Published by Del Rey on December 5th 2017
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The Girl in the Tower is the second book in the Winternight Trilogy (first book being “The Bear and the Nightingale”). This book sees our heroine,Vasya, attempting to survive alone after her father’s death. It is medieval Russia and a lone woman has few choices: enter a convent or get married. Wanting neither option, Vasya turns to Morozko for assistance. Morozko is “Frost” a winter demon who cannot die (or can he?). He helped her in the first book in the series and there appeared to be an inkling of romance there. Hmmmm will we see more of that in this book????
Vasya sets off on her trusted Stallion, Solovey, who can understand her when she speaks and who can speak to her, for Moscow. Knowing she will not be safe traveling alone as a woman, she disguises herself as a man and sets forth on her journey. In Moscow, the reader gets to be reacquainted with Vasyas’s sister, Olga and her brother Sasha. Through Sasha we learn about a team of bandits who have been terrorizing villagers and kidnapping girls to sell as slaves. We also meet Vasya’s cousin Dmitri – The Grand Prince of Moscow. He considers Vasya to be a hero after her fight with bandits. There is one who does not see Vasya as a hero – that being the evil priest. But enough about him.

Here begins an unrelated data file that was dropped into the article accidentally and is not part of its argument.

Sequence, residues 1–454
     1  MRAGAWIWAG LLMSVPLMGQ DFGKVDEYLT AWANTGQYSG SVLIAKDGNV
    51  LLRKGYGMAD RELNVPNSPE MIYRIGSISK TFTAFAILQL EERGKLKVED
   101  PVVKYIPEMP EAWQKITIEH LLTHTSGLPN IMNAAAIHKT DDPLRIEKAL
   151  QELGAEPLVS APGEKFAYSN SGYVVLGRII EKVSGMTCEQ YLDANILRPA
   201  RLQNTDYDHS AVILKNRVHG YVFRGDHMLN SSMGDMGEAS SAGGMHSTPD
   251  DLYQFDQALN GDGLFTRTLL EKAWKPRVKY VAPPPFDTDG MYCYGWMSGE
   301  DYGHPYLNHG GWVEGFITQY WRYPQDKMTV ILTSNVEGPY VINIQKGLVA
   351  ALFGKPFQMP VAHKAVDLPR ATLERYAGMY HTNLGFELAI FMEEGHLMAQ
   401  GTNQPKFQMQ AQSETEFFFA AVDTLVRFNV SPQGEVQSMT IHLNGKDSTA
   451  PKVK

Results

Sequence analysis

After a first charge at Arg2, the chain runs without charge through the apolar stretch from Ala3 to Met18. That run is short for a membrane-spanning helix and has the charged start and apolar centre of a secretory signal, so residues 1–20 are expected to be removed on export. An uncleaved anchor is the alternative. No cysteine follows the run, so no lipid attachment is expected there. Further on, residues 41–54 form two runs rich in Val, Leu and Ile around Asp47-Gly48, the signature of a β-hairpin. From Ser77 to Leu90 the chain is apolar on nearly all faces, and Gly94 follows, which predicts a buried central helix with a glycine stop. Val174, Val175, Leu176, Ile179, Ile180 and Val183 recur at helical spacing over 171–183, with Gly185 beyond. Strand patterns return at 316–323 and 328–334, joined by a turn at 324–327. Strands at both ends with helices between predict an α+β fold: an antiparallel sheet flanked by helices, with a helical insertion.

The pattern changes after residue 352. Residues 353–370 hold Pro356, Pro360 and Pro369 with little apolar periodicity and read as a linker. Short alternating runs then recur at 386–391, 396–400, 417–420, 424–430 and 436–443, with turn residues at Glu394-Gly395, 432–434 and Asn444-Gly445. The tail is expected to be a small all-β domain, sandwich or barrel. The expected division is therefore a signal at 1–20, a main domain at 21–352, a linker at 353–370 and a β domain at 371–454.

This story/trilogy based on Russian Folklore/Fairy tales is addicting. It could go off the rails with Vasya being able to see creatures that no one else can see and having the ability to communicate with them but it does not. All of this works in this book. What does not work for me? The lack of Morozko in this book. Yes, Yes, I know he is in it. But can I be honest? I love his character. I wanted more of him. I love how he shows up to help Vasya when he can. I love the hint of romance. How they each read the other person and his/her attentions completely wrong. There were times that I wanted to shake both of them. I wanted more and got less. But there is a third book in this series and I feel that not everything is finished where these two are concerned. This is a fairy tale and things are not always as they seem so I will anxiously wait to read the last book to learn what course Vasya’s life takes. I did enjoy learning of their “connection” and why they are drawn to each other. I also hope to see Vasya come more into her own, mature more and grow as a person.
If you have not read the first book in the series (The Bear and the Nightingale), I recommend reading that book prior to reading this one.
Winter is coming and what a wonderful book to read on a cold, long night. I think it is safe to say that there is a little bit of magic in this book!
I received a copy of this book from the publisher in exchange for an honest review.